Thermal comfort and gender: A literature review

Sami Karjalainen

Research output: Contribution to journalReview ArticleScientificpeer-review

144 Citations (Scopus)

Abstract

This review examines scientific literature on the effect of gender on indoor thermal comfort. Gender differences have been generally considered to be small and insignificant but this review shows that a growing number of studies have found significant differences in thermal comfort between the genders. Clearly more than half of the laboratory and field studies have found that females express more dissatisfaction than males in the same thermal environments. Very few studies have found males to be more dissatisfied than females. A meta‐analysis shows that females are more likely than males to express thermal dissatisfaction (ratio: 1.74, 95% confidence interval: 1.61–1.89). However, most studies found no significant difference in neutral temperatures between the genders. Females are more sensitive than males to a deviation from an optimal temperature and express more dissatisfaction, especially in cooler conditions.
Original languageEnglish
Pages (from-to)96-109
Number of pages14
JournalIndoor Air
Volume22
Issue number2
DOIs
Publication statusPublished - 2012
MoE publication typeA2 Review article in a scientific journal

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Thermal comfort
Hot Temperature
Literature
Temperature
Confidence Intervals

Keywords

  • Thermal discomfort
  • thermal dissatisfaction
  • neutral temperature
  • meta-analysis
  • individual control
  • personal control
  • adaptive opportunities
  • sex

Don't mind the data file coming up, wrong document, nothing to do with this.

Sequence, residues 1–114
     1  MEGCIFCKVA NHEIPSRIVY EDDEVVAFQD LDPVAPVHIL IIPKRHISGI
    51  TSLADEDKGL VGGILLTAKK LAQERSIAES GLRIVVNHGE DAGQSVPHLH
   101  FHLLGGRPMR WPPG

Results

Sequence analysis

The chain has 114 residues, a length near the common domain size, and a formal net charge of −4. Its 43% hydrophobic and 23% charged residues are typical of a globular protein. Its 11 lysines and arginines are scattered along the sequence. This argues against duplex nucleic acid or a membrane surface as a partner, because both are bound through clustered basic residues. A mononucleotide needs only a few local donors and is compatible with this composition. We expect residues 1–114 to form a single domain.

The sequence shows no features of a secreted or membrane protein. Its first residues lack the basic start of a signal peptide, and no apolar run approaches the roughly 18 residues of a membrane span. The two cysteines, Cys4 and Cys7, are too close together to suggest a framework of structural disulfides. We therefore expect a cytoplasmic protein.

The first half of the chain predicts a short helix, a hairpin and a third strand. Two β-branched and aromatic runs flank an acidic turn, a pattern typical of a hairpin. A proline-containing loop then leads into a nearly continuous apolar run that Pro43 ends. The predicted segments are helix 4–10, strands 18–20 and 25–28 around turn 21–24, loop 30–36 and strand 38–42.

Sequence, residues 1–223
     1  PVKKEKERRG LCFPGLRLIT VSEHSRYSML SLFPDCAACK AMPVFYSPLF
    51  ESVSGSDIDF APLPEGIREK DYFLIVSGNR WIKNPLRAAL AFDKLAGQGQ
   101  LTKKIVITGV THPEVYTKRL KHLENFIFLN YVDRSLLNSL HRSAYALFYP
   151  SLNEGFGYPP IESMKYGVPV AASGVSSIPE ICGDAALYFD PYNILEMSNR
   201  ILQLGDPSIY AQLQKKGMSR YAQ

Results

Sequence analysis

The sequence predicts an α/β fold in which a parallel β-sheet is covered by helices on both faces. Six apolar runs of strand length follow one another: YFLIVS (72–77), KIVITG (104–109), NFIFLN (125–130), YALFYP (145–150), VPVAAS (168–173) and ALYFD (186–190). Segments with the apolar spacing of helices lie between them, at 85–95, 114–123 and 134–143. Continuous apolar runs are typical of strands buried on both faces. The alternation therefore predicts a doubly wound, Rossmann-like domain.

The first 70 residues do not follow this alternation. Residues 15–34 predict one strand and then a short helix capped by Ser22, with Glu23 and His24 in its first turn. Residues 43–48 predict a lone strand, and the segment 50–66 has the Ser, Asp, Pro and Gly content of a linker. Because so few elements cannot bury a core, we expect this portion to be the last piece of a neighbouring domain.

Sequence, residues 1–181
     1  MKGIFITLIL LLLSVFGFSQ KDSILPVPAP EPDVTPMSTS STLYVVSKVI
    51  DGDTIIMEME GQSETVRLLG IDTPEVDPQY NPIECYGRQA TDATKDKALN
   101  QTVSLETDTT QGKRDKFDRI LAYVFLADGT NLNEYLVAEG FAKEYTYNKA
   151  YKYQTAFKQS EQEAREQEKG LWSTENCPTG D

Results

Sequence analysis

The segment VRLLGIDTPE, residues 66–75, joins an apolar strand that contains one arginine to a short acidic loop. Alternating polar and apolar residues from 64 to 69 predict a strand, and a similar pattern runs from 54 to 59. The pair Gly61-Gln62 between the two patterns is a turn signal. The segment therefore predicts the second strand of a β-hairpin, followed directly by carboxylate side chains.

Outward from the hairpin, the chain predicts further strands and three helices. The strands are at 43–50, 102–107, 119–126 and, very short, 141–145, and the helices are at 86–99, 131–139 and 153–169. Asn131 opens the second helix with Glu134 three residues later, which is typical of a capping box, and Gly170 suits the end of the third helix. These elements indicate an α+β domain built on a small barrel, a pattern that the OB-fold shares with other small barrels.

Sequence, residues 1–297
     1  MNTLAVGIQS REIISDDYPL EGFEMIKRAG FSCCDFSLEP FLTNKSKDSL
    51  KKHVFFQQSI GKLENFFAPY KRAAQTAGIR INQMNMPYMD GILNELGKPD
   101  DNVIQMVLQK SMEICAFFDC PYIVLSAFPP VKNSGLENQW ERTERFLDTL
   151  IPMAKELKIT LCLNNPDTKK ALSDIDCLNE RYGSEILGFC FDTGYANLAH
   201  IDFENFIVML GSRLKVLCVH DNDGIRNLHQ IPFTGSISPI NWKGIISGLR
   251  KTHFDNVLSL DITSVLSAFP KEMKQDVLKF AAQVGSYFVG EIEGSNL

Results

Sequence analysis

Cite this

Karjalainen, Sami. / Thermal comfort and gender : A literature review. In: Indoor Air. 2012 ; Vol. 22, No. 2. pp. 96-109.
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abstract = "This review examines scientific literature on the effect of gender on indoor thermal comfort. Gender differences have been generally considered to be small and insignificant but this review shows that a growing number of studies have found significant differences in thermal comfort between the genders. Clearly more than half of the laboratory and field studies have found that females express more dissatisfaction than males in the same thermal environments. Very few studies have found males to be more dissatisfied than females. A meta‐analysis shows that females are more likely than males to express thermal dissatisfaction (ratio: 1.74, 95{\%} confidence interval: 1.61–1.89). However, most studies found no significant difference in neutral temperatures between the genders. Females are more sensitive than males to a deviation from an optimal temperature and express more dissatisfaction, especially in cooler conditions.",
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Thermal comfort and gender : A literature review. / Karjalainen, Sami.

In: Indoor Air, Vol. 22, No. 2, 2012, p. 96-109.

Research output: Contribution to journalReview ArticleScientificpeer-review

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AB - This review examines scientific literature on the effect of gender on indoor thermal comfort. Gender differences have been generally considered to be small and insignificant but this review shows that a growing number of studies have found significant differences in thermal comfort between the genders. Clearly more than half of the laboratory and field studies have found that females express more dissatisfaction than males in the same thermal environments. Very few studies have found males to be more dissatisfied than females. A meta‐analysis shows that females are more likely than males to express thermal dissatisfaction (ratio: 1.74, 95% confidence interval: 1.61–1.89). However, most studies found no significant difference in neutral temperatures between the genders. Females are more sensitive than males to a deviation from an optimal temperature and express more dissatisfaction, especially in cooler conditions.

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KW - neutral temperature

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KW - individual control

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